Jim Crow segregated African Americans and whites by law and practice. The causes and implications of the associated de jure and de facto residential segregation have received substantial attention from scholars, but there has been little empirical research on racial discrimination in public accommodations during this time period. We digitize the Negro Motorist Green Books, important historical travel guides aimed at helping African Americans navigate segregation in the pre-Civil Rights Act United States. We create a novel panel dataset that contains precise geocoded locations of over 4,000 unique businesses that provided non-discriminatory service to African American patrons between 1938 and 1966. Our analysis reveals several new facts about discrimination in public accommodations that contribute to the broader literature on racial segregation. First, the largest number of Green Book establishments were found in the Northeast, while the lowest number were found in the West. The Midwest had the highest number of Green Book establishments per black resident and the South had the lowest. Second, we combine our Green Book estimates with newly digitized county-level estimates of hotels to generate the share of non-discriminatory formal accommodations. Again, the Northeast had the highest share of non-discriminatory accommodations, with the South following closely behind. Third, for Green Book establishments located in cities for which the Home Owner’s Loan Corporation (HOLC) drew residential security maps, the vast majority (nearly 70 percent) are located in the lowest-grade, redlined neighborhoods. Finally, Green Book presence tends to correlate positively with measures of material well-being and economic activity.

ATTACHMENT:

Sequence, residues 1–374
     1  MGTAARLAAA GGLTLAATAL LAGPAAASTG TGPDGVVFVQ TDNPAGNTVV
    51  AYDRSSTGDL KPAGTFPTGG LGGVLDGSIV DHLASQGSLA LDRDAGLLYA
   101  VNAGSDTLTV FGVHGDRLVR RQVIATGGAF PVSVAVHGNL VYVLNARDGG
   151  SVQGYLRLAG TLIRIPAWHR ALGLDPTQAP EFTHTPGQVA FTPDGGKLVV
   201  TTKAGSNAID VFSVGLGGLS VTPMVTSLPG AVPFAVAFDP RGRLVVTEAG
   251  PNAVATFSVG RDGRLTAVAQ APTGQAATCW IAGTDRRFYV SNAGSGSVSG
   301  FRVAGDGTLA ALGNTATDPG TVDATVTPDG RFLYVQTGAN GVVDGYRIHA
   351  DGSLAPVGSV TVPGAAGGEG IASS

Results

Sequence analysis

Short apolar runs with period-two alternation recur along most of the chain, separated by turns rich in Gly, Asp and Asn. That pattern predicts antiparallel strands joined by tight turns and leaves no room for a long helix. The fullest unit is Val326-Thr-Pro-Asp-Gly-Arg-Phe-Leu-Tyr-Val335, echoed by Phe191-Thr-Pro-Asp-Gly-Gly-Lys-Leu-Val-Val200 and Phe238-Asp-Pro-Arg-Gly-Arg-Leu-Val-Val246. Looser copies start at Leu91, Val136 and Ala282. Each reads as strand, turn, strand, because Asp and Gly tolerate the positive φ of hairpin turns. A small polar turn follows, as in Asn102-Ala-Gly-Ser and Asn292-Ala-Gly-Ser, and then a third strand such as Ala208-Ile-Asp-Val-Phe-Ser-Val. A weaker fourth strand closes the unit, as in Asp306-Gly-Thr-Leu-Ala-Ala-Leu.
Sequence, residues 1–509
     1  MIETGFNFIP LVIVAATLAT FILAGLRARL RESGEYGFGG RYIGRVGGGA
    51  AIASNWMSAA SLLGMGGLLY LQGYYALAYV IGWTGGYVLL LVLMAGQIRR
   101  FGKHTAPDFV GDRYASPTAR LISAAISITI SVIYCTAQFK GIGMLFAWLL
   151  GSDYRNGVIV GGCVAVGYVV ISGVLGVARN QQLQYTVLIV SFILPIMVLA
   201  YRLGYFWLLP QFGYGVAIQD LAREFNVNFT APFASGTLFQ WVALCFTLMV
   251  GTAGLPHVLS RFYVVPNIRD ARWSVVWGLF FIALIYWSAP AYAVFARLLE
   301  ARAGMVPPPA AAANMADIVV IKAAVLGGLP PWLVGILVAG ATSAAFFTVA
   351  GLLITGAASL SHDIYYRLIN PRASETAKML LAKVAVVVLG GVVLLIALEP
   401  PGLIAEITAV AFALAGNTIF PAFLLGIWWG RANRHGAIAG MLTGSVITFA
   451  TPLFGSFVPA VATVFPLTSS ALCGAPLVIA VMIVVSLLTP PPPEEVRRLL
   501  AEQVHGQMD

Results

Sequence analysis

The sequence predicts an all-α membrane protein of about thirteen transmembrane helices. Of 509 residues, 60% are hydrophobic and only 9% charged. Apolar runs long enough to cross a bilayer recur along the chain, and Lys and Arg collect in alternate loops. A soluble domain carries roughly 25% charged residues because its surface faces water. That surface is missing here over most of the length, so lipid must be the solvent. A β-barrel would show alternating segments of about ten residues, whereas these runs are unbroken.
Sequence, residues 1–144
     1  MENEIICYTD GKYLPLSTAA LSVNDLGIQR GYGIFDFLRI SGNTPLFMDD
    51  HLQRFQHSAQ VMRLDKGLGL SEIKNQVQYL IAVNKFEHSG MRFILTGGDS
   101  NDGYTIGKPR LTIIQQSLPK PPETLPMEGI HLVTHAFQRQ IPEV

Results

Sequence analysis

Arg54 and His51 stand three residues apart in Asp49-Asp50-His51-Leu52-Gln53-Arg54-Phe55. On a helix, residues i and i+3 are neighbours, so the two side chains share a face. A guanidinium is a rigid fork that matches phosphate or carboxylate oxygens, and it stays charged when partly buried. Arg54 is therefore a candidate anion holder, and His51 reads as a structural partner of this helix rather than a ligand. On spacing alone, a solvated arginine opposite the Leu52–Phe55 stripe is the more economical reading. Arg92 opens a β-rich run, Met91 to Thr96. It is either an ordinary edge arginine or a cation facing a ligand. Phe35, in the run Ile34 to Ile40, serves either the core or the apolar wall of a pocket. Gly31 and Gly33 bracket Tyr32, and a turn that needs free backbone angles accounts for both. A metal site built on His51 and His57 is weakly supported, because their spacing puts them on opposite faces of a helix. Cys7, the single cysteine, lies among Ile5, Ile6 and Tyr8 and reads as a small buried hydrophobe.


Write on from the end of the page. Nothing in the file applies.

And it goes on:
Population Change and the Legacy of Slavery
Heather O’Connell, Katherine Curtis & Jack DeWaard
Social Science Research, forthcoming